Evident in the quote taken from Ecclesiastes Wiesel chose as the subtitle of his memoirs, is the question that haunts his daily life: How could God, during the Holocaust, remain silent and watch the senseless death of six million human beings? Human beings, He, Himself, created?
Although Wiesel's observations have been brilliant, he has, by his own admission, failed to reach an answer. Like the Hebrew sage who wrote Ecclesiastes, Wiesel observes that, "All rivers run to the sea, yet the sea is never full; unto the place from whence the rivers come, thither they return again."
Like the author of Ecclesiastes, Wiesel, in this book, makes a wide investigation of life, leading the reader from the happiness of his boyhood to the misery of his youth to the honors of his mature life (including the 1986 Nobel Peace Prize). And, like the author of Ecclesiastes, Wiesel finds no satisfying answer. For him, the joys of life are forever tinged with sadness; the specter of death is never far away.
In All Rivers Run to the Sea, Elie Wiesel makes full use of the piety and wisdom of Hasidism and his memoirs read like a novel of the highest order. Intended for those who have made, or want to make, their own investigation of life and its mysteries, most especially that of humanity's incomprehensible inhumanity, this is a superb tale of unvarnished truthfulness, humility and awareness.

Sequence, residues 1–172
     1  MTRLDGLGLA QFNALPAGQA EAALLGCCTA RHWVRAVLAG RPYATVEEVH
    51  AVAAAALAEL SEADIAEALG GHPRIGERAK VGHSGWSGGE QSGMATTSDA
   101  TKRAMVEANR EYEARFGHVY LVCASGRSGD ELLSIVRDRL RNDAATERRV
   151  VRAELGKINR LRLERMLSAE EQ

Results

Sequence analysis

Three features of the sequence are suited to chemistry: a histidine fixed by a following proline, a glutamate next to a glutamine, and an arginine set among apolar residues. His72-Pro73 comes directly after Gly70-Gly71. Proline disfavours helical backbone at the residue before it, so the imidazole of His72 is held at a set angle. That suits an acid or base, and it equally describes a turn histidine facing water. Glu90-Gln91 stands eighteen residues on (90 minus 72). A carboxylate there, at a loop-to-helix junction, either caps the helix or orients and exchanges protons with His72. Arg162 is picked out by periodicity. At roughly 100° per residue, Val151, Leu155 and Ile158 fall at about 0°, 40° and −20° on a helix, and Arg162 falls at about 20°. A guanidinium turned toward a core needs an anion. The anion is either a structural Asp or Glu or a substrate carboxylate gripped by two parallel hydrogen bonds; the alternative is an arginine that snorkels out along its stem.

Wiesel, in beautiful language that mingles sadness and joy, horror and triumph, writes for those of us who dare to look into the darkest moments of life, searching for a little light, a ray of the faintest hope. He writes, not so we know, but that we may hunger for more.
An incredible human being whose tragedy became the impetus for a life filled with the profoundest meaning, Wiesel, like Martin Buber before him, is ready to "hurtle down deep pathways, wander through invisible cemeteries, both seeking and fleeing solitude and receiving stories already told and those...yet to be told."
All Rivers Run to the Sea is more than just a supremely important book; it is one of the most important books in the literature of humankind.